Teachers in the NUT union will hold a national strike ballot over the Tory assault on their pensions—and aim to coordinate action with other public sector unions.
They could be set to strike alongside another teachers’ union, the ATL, as well as the UCU lecturers’ union and the PCS civil service union.
The action could see hundreds of thousands of workers on strike together on 30 June.
The NUT union will now ballot for four weeks starting on 17 May.
The near-unanimous vote for the ballot by delegates to the NUT conference is a big step forward in the battle against the Tories’ war on workers.
This year’s annual conference, held in Harrogate last weekend, was different from the start.
As Lily Eskelsen, who spoke to delegates about the battle for union rights in Wisconsin, put it, “These are not normal times.”
Cheers went to anyone who congratulated the student movement in Britain, or the uprisings in Egypt and Tunisia. Anyone who attacked the bankers and the rich was applauded.
Delegates, along with the union’s entire national executive, voted to support a general strike. Big numbers came to left wing fringe meetings (see box).
Newly-elected president Nina Franklin ended her inaugural speech by playing Bob Marley’s “Get Up, Stand Up”, to applause from the floor.
And ATL general secretary Mary Bousted got a standing ovation when she spoke about her union’s decision to hold a national strike ballot.
Delegates told of how the mood was also changing among people they work with.
Hackney teacher Suzie Burroughs described how other teachers had been asking when the strikes were going to be.
“Young teachers do understand the importance of defending pensions,” she told Socialist Worker. “They aren’t thinking, ‘this won’t affect me for years’ because they are seeing their contributions going up by 50 percent now.”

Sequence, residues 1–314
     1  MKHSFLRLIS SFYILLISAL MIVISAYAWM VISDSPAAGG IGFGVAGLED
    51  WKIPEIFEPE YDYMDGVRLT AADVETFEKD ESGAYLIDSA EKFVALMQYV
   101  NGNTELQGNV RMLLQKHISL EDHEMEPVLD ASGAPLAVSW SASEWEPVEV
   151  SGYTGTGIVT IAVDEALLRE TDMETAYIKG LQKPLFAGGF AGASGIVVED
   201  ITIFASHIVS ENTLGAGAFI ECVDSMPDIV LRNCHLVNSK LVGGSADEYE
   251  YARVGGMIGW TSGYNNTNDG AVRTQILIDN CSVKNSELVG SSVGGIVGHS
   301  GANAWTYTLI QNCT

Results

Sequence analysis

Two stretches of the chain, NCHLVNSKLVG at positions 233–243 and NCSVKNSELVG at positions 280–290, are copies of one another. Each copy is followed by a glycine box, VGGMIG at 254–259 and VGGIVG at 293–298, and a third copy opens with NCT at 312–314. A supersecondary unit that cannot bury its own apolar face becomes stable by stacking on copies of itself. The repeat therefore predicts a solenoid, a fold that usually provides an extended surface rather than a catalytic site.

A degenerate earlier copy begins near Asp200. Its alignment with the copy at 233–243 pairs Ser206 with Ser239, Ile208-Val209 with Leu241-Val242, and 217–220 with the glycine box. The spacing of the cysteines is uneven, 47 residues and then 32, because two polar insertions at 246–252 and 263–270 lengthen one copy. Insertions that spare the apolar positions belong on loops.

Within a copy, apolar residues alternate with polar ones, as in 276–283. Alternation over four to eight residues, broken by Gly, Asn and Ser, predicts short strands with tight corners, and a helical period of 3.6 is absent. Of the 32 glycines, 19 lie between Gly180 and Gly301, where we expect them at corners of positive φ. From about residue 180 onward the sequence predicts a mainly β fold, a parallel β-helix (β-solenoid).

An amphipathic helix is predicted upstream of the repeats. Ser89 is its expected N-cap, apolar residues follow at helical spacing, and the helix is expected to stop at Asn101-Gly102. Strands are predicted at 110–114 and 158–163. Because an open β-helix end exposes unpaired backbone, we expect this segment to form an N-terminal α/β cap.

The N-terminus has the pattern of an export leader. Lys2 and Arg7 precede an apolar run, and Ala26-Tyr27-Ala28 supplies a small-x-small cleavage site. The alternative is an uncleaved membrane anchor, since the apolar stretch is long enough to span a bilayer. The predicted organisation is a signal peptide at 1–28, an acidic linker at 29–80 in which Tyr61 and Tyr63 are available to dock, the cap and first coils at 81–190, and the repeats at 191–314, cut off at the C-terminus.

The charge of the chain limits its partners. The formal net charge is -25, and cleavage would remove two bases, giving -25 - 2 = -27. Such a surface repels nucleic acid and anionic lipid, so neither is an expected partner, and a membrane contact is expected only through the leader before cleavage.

Delegates passed motions condemning government cuts as ideologically driven and unnecessary. Helen Chuter, a delegate from Lancaster, said the government wanted “to starve the poor to feed the rich”, adding, “We need to bring this government down.”
Motions were passed calling for a Robin Hood tax on bank transactions, opposing privatisation in schools, encouraging NUT members to get involved in anti-cuts campaigns and backing campaigning organisations such as Right to Work.
Delegates also backed action over workloads and excessive lesson observations. They voted to back the student protests—and condemned cases where teachers have been victimised for supporting the students.
London teachers from Camden and Tower Hamlets, who struck together against cuts last month, stressed the potential of building resistance and shared the lessons of their fight. Andrew Baisley from Camden said that union membership had risen by 10 percent during the dispute.
Aisling Macsweeney, a newly qualified teacher in Tower Hamlets, said, “We were striking with our colleagues in Unison and teachers in Camden. We showed that coordinated action is possible.
“Wouldn’t it be great if it wasn’t just east London and Camden on strike but teachers across the country?”
It was during the debate on pensions and coordinated strikes that the conference became even more intense.
Delegates overwhelmingly voted for a national ballot on pensions, with no votes against and just two abstentions.
The motion instructs the union’s executive “to ballot NUT members for discontinuous strike action” and to hold the first strike during the summer term.
It also calls on the executive to work with other trade unions to discuss ways of “maximising pressure on the government”.
Delegates also backed an amendment instructing the executive to draw up plans for further actions on pensions following a strike in June.
Alex Kenny, from the NUT executive, stressed that, “Voting for the motion is easy. But the ballot won’t be won by NUT HQ or from those of us with facility time.
“Each and every one of us has a responsibility to deliver the best possible vote.”
By far the loudest cheers and applause went to Doug Morgan from Birmingham. “I enjoy teaching,” he said. “What stops me enjoying it is this government pushing initiative after initiative down my throat.
“The problems in the private sector have not been caused by us. And they won’t go away if we do nothing.
“You are voting to say this weak and nasty government is going to be defeated.
“We’re going to stop them in their tracks. If it means bringing this government down, I’ll be proud to do it.”
The mood to fight was clear. As Nina Franklin put it, the union’s leadership must harness that mood and build effective action.
“It is all a question of confidence,” she said. “Teachers are prepared to fight. If they are given the lead and if they are given the confidence, they will fight.”